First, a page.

Play is often talked about as if it were a relief from serious learning. But for children, play is serious learning.”Mr. Rogers
When we think of learning we might imagine a pile of books, writing utensils, and a nicely organized desk. While desk-learning and explicit instruction is a component of education, play is a critical part of childhood learning, especially in the elementary grades. There is a vast amount of research on play-based learning and I will mention just a few findings that stand out:
- Children learn best when
- they take an active role in their learning environment
- they are engaged
- the information is meaningful to them
- there is a social context
In other words, children learn best when they are engaged, mentally active, and social. These are all characteristics that are central to play, but absent or very diluted in online learning for younger children.
It is a miracle that curiosity survives formal education.”Albert Einstein
- Neuroscientists have found that play activates the brain in important ways that memorization, testing, and worksheets that are traditionally used in classrooms do not.
- play is a necessary component of brain development
- play supports young children in developing critical thinking skills, memory, and learning to understand cause and effect relationships
- play encourages exploration and curiosity
Einstein even proclaimed that “play is the highest form of research”.
The best classroom and the richest cupboard is only roofed by the sky.”Margaret McMillan (c1925)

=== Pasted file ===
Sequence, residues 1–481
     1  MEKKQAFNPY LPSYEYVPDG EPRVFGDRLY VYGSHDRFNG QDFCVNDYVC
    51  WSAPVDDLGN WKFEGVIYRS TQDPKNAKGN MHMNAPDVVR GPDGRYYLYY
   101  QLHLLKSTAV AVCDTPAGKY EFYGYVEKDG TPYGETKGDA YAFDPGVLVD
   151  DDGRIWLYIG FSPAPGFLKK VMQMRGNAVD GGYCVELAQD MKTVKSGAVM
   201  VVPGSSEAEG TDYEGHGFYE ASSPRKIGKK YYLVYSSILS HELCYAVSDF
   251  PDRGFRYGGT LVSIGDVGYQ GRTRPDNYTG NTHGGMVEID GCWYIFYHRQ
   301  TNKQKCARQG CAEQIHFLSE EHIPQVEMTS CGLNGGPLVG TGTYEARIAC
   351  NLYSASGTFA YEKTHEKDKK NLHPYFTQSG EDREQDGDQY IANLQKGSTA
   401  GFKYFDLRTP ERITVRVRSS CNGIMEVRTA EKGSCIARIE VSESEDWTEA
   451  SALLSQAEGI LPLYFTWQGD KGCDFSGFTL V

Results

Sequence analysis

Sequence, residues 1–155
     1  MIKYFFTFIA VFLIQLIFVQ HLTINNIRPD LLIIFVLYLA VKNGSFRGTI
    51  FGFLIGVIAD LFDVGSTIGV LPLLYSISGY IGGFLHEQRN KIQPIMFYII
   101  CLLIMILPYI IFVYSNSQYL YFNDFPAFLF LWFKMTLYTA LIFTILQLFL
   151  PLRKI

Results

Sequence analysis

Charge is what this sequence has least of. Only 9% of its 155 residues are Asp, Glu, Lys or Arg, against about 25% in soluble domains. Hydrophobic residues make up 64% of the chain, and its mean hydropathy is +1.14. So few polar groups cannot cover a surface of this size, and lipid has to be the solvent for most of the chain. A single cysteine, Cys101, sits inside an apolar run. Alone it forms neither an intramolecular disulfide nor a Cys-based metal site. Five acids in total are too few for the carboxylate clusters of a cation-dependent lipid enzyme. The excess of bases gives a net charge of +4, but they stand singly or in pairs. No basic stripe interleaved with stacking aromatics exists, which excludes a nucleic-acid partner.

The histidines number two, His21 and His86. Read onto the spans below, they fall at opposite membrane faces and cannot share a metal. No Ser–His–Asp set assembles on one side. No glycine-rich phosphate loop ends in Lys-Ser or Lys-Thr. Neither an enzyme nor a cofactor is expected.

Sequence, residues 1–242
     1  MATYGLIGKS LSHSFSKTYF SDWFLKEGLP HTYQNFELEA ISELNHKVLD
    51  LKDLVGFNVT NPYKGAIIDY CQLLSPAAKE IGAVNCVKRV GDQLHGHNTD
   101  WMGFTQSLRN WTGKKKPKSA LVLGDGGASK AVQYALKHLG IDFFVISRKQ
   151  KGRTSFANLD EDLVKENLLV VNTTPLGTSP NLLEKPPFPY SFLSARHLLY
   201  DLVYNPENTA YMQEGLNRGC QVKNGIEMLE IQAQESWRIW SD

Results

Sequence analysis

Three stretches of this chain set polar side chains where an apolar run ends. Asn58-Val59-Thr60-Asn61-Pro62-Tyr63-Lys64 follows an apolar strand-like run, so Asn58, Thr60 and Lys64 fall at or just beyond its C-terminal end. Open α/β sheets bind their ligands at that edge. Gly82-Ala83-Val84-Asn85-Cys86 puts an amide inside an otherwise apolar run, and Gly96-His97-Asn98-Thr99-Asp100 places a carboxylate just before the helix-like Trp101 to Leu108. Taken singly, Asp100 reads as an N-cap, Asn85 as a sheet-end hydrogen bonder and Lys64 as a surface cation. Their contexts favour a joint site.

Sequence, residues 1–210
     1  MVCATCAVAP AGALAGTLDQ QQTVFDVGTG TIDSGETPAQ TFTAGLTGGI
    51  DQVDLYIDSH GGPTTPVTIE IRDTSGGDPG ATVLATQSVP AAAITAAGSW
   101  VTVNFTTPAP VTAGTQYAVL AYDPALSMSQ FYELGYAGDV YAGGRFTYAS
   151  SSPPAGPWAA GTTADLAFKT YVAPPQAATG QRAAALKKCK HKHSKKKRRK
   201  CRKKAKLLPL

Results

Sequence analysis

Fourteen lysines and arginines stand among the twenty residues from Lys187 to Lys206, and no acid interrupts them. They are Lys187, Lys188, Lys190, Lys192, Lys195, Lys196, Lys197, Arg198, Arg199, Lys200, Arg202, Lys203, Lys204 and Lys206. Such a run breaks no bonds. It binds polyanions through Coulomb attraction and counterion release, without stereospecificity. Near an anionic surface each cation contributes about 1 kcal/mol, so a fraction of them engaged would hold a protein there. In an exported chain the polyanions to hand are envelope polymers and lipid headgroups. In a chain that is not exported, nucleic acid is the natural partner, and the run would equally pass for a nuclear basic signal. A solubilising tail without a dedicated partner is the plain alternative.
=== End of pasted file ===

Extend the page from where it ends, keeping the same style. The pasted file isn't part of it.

Physical activity in play is especially important. In their formative years, children are continually playing and are in constant motion which improves brain elasticity and allows them to learn more easily. The part of the brain that processes movement also processes learning. So when students are sitting still, learning is actually hindered rather than enhanced.
Harvard Health gives you 6 reasons children need to play outside
Social and Emotional Benefits
When playing together, children learn respect for rules, self-discipline, control of aggression, practice leadership, and resolve conflicts. Play helps children to develop emotionally and reduce stress. When children do not play, it can have negative, lasting effects. Studies show that when children do not have a chance to play out in nature, they are at a higher risk for attention and behaviour problems, as well as increased stress.
Play is fundamentally important to learning 21st century skills such as problem solving, collaboration, and creativity.”American Academy of Pediatrics
How can you add play into your child’s day?
Children thrive when they can play. What are some of the things you can do during this pandemic time to help your child through play?
- Free Play builds self-esteem and motivation
- children who are isolated indoors are often under close supervision, scrutiny, and correction
- remedy for this is free play without structure and rules
- free play allows children the opportunity to make decisions and take risks
- Open-ended object play rather than video games
- building blocks such as Keva planks or Lego allow children to form a foundation for STEM skills
- Rough and Tumble play helps to relieve stress. Being confined in a small space can result in frustration and anger.
- physical rough and tumble play helps to release stress and also provides and outlet for anger
- Pretend and dramatic play helps children to develop social skills.
- playing with dolls and stuffy toys uses the same brain regions as when children are playing with other children.
- allows children to practice empathy and other emotions
- Board games
- playing board games allows children to focus on doing the right thing at the right time
- helps to train executive function skills
For more visit The Genius of Play